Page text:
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Wahet El-Ghoroub: history featured between the novel and series - Daily News Egypt

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Wahet El-Ghoroub: history featured between the novel and series

While the novel focused on the political turmoil during Oraby’s era, the TV series portrayed the change in human nature

Egypt’s silver screen is full of series adopted from previous literary works. Combining the creativity and imagination of a prominent writer with the artistic taste of a director, along with the performance of well-known, charismatic actors, brings out the different strength points of both artistic works.

Last Ramadan, the Egyptian audience was introduced to Wahet El-Ghoroub (The Sunset Oasis) series, adopted from the novel of the same name for outstanding novelist Bahaa’ Taher. The novel won International Prize for Arabic Fiction (IPAF) in 2008.

Directed by Kamla Abo Zekry, co-written by Mariem Na’om and Hala El-Zaghandy and starring international stars Khaled El-Nabawy and Menna Shalaby, the series smoothly takes audience back in time to the 18th century to live with Mahmoud Abdel Zaher, a police officer who is transferred to the abandoned Siwa oasis, with his Irish wife Catherine after being accused of supporting the revolutionary thoughts of Ahmed Oraby.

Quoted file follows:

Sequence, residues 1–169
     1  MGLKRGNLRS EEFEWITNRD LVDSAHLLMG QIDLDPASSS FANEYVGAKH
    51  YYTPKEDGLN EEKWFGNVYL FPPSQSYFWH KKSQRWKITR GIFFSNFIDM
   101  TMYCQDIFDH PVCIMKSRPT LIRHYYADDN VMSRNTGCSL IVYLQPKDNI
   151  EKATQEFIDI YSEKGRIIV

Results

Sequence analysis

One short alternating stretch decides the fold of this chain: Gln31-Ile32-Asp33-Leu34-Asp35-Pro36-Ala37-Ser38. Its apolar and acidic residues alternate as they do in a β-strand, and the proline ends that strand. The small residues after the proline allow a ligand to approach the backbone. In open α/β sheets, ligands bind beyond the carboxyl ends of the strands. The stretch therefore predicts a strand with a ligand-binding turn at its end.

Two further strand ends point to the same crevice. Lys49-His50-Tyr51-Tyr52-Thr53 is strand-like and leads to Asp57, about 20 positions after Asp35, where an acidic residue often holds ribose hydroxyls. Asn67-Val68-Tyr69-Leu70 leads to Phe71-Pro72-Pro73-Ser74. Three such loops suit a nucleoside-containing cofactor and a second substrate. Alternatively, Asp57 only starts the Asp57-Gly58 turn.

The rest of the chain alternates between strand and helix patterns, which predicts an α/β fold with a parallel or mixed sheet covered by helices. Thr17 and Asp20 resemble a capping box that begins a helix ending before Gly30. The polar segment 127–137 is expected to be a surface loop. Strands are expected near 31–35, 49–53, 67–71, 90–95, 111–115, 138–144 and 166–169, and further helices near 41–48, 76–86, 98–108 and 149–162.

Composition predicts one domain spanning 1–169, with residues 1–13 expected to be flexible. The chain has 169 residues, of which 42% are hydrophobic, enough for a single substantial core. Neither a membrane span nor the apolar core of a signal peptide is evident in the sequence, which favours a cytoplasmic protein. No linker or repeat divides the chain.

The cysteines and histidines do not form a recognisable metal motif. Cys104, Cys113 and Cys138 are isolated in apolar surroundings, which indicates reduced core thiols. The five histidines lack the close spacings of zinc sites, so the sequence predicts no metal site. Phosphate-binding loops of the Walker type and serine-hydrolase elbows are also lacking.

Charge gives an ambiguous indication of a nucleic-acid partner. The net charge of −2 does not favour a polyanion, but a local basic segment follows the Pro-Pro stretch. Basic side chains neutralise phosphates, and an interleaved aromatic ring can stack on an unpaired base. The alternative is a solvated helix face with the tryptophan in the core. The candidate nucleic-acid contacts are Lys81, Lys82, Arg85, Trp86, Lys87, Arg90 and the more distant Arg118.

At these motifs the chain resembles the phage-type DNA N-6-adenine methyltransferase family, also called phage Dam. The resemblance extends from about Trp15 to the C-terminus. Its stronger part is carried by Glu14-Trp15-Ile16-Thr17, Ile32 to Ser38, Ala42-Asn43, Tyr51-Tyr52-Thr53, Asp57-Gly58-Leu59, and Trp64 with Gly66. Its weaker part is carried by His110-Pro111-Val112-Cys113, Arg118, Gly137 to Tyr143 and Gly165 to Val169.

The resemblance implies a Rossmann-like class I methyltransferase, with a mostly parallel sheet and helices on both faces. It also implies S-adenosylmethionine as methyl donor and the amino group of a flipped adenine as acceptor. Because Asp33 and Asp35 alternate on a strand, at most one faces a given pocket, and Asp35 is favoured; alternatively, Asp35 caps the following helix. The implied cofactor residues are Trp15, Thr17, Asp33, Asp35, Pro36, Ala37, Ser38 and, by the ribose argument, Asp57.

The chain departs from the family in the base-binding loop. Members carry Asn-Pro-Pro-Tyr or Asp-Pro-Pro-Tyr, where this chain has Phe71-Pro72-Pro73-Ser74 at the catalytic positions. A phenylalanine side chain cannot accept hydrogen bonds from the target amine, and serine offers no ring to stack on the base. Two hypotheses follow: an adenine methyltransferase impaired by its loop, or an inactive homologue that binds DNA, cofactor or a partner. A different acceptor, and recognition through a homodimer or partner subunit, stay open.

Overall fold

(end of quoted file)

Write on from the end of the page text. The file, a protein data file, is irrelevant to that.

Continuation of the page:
Both novel and series perfectly draw the lines of self-struggle, and Mahmoud desperately lives after he was forced to say that Oraby’s revolution against British occupation was only a set of temporary violence actions taken by a frivolous person aiming to set the country on fire. Otherwise, he will be excusted.

Through a chain of self-hatred thoughts, the plot of both artistic works take place, letting readers and viewers be drawn at the world of darkness that takes over a man’s soul as his wife tries to get him out of it.

After being transferred to Siwa, in order to collect taxes from the people who are showed to live without any hospitals, schools, or even proper housing, Mahmoud starts another journey of frustration. As he refuses to use violence against “his own people” as he always describes them, the residents of the closed society of Siwa consider him an outsider and refuse to willingly surrender to the unfair amount of taxes required of them.

Both the novel and series open new gates for the audience to explore Siwa, a neglected part of Egypt, where the close society rarely allows an outsider to get to know their culture and heritage. The art works feature Siwa’s culture, including wedding ceremonies, celebrations, food, and even funerals.

Unlike many similar series, “Wahet El-Ghoroub” portrays the exact same events taking place in the novel without adding any further elements, characters, or plots.

The series marvelously portraits the details of Mahmoud and Cathrine’s relationship in a heart-touching way—starting from the moment they met all the way to the glorious days of happily living together, until the degrading separation they start feeling while the yellowish desert take over their souls.

The script portrays well the self-talk of each character and allows the audience to invade the souls, struggles, and fears of each one on screen. This leads them eventually to personally connect with the characters despite the unfamiliarity with time, place, and living circumstances. Something that was not as clear and connecting in the novel.